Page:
US201 Study: A Phase 2, Randomized Proof-of-Concept Trial of Favipiravir for the Treatment of COVID-19

Open Forum Infect Dis. 2021 Dec 7;8(12):ofab563. doi: 10.1093/ofid/ofab563. eCollection 2021 Dec.


Background: Favipiravir is used to treat influenza, and studies demonstrate that it has antiviral activity against severe acute respiratory syndrome coronavirus 2 (SARS-CoV-2).

Methods: We performed a randomized, open-label, multicenter, phase 2 proof-of-concept trial of favipiravir in hospitalized adult patients with polymerase chain reaction (PCR)-positive coronavirus disease 2019 (COVID-19). Patients were randomized to standard of care (SOC) or favipiravir treatment (1800mg per os twice a day [b.i.d.] on day 1, followed by 1000mg b.i.d. for 13 days). The primary end point was time to viral clearance on day 29.

Results: Fifty patients were enrolled and stratified by disease severity (critical disease, severe disease, or mild to moderate disease). Nineteen patients were censored from the event of viral clearance based on being SARS-CoV-2 PCR-negative at the study outset, being PCR-positive at day 29, or because of loss to follow-up. Data from the 31 remaining patients who achieved viral clearance show enhanced viral clearance in the favipiravir group compared with the SOC group by day 29, with 72% of the favipiravir group and 52% of the SOC group being evaluable for viral clearance through day 29. The median time to viral clearance was 16.0 days (90% CI, 12.0 to 29.0) in the favipiravir group and 30.0 days (90% CI, 12.0 to 31.0) in the SOC group. A post hoc analysis revealed an effect in the subgroup of patients who were neutralizing antibody-negative at randomization. Treatment-emergent adverse events were equally distributed between the groups.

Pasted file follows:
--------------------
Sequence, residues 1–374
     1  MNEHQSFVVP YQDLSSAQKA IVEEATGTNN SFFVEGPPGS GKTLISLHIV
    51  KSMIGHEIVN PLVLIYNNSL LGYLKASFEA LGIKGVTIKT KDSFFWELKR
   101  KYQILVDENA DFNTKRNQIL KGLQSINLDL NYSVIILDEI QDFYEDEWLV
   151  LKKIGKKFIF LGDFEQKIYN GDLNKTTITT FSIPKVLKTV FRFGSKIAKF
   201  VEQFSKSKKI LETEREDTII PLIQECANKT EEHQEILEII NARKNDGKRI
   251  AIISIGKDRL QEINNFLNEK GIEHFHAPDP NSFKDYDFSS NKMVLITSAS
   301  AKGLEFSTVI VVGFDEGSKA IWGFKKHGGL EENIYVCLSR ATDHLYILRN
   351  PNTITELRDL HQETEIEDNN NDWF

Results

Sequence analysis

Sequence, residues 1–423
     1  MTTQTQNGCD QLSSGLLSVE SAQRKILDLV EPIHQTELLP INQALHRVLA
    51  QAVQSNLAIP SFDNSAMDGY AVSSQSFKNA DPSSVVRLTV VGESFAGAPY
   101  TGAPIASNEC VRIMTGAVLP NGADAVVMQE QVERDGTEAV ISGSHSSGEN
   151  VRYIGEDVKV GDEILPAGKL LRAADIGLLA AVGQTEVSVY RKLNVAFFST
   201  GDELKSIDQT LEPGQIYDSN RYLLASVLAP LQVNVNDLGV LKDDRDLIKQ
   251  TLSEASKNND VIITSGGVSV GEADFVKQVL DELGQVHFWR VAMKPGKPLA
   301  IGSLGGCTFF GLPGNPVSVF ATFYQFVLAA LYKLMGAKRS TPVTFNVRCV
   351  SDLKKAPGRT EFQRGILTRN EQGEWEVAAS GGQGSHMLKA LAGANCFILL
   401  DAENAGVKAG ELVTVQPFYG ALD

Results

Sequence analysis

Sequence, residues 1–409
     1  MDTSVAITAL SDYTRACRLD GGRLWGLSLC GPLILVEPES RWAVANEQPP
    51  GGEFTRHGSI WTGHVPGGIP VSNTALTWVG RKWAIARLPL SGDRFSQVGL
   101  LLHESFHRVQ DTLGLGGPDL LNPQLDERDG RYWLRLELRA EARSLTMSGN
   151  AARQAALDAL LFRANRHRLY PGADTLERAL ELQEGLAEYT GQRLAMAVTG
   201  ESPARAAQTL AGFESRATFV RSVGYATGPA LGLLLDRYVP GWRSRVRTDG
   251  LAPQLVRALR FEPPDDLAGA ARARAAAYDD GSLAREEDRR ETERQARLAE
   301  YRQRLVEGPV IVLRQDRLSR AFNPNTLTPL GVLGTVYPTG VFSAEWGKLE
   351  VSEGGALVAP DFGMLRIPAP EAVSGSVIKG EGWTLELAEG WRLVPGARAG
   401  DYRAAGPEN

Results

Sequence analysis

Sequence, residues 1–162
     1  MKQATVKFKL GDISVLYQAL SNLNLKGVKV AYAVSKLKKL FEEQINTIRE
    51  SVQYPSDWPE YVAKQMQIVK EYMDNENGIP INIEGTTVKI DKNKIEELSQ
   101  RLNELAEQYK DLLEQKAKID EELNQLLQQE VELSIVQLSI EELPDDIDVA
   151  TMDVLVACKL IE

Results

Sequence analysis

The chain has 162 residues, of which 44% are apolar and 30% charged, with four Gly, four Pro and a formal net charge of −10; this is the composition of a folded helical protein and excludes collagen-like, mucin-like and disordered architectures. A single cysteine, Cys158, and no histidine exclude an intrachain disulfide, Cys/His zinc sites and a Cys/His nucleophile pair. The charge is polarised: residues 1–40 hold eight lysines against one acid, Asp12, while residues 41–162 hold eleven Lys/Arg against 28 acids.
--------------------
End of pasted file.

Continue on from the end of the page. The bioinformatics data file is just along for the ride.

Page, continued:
Conclusions: We demonstrate that favipiravir can be safely administered to hospitalized adults with COVID-19 and believe that further studies are warranted.

Clinicaltrialsgov registration: NCT04358549.

Keywords: COVID-19; favipiravir; hospitalized; human.

Associated data